Engineering

How we patched MongoDB + RocksDB to boost performance by 33%


At Connectifier, we work with large scale data. Given that, and the difficulty of working with large data sets, we’re always keeping an eye on the latest data technologies for ways to improve our performance at scale. With MongoDB 3.0 soon to be released, the datastore will allow you to utilize document level locking and compression, which are huge wins in improving performance as scale compared to previous versions of MongoDB.

MongoDB 3.0 will implement these new features by supporting additional storage engines. WiredTiger is the new storage engine being offered in MongoDB 3.0, but there are also some experimental storage engines available when you compile a binary from source. One of these is a RocksDB engine that was built by folks from Facebook. RocksDB builds on the LevelDB work of Jeff Dean and Sanjay Ghemawat from Google who have been heavily involved in building that company’s infrastructure since the early days. Nearly a third of Connectifier employees have spent some time at Google, so we’re well aware of this work.

I took a bit of time to benchmark the experimental RocksDB storage engine because I wanted to test the performance of a patch to massively improve performance by eliminating the need for a disk read on the update of a record.

I used the sysbench-mongodb library to perform this benchmarking. The WiredTiger wiki has a wealth of information regarding benchmarking tools, which is where I discovered this awesome tool.

You first need to build RocksDB. There are some great instructions on the compose.io blog.

$ git clone https://github.com/facebook/rocksdb.git
$ cd rocksdb
$ make static_lib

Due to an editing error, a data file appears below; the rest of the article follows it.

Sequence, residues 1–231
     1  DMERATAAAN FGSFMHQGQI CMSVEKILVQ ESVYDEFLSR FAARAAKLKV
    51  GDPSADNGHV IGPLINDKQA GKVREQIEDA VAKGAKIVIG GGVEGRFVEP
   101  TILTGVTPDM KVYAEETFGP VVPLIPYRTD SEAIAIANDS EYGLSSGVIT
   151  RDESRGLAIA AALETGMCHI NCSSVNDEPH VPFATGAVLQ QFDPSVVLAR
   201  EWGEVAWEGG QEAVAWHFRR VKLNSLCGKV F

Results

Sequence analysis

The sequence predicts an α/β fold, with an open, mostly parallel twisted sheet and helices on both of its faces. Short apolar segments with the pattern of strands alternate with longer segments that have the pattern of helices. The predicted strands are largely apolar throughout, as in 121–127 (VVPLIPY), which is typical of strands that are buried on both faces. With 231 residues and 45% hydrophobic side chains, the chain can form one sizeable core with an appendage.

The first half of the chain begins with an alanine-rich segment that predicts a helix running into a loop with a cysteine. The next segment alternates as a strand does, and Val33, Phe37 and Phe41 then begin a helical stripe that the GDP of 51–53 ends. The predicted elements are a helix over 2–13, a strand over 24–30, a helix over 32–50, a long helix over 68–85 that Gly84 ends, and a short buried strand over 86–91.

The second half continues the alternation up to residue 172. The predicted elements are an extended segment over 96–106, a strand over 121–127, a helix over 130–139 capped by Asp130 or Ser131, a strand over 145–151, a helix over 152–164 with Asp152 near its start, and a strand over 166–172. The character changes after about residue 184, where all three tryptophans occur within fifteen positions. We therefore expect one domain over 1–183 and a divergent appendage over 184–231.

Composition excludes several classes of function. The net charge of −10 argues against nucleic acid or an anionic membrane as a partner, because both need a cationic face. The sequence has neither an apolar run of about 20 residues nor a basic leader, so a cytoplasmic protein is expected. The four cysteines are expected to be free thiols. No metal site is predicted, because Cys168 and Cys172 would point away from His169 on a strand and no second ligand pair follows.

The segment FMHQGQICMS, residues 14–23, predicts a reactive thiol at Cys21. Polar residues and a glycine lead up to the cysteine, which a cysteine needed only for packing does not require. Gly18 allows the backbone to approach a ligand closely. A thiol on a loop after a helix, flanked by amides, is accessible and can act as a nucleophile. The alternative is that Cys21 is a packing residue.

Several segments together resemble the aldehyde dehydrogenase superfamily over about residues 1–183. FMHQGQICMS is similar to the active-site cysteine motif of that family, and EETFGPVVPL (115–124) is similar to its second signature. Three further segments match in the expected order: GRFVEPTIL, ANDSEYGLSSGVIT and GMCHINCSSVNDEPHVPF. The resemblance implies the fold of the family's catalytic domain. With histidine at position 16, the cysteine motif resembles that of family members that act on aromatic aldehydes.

$ cp librocksdb.a /usr/local/lib
$ cp -r include/* /usr/local/include

Next you need to build MongoDB with the RocksDB engine enabled.

$ git clone https://github.com/mongodb/mongo.git   
$ cd mongo
$ sudo apt-get install libbz2-dev
$ scons --rocksdb mongod

Be sure to raise the ulimit -n in /etc/security/limits.conf and follow other productionization steps to ensure you’re running at top capacity:

*               hard    nofile            64000
*               soft    nofile            64000

Alright, time to start Mongo w/ RocksDB:

./mongod  --dbpath ~/rocks --storageEngine=rocksExperiment

And kick off a benchmark run:

$ wget https://repo1.maven.org/maven2/org/mongodb/mongo-java-driver/2.13.0/mongo-java-driver-2.13.0.jar
$ export CLASSPATH=$PWD/mongo-java-driver-2.13.0.jar
$ ./run.simple.bash myconfig.bash

And here are the results. Numbers are average sysbench transactions per second (higher is better):

5 indexed & 5 un-indexed
updates per transaction
25 indexed updates
per transaction
Vanilla RocksDB 255.94 103.68
Patched RocksDB 332.08 138.44
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  • Jeffrey Schachner

    Ben-my privately held firm works w/ad insertion via Ai company, Rocket Fuel. We’d love to learn more about how you utilize Google Analytics to serve/solve inherent search algorithmic challenges. Jeffreyschachner844@google.com (also via Google +). Thanks and Happy Holidays to Connectifier!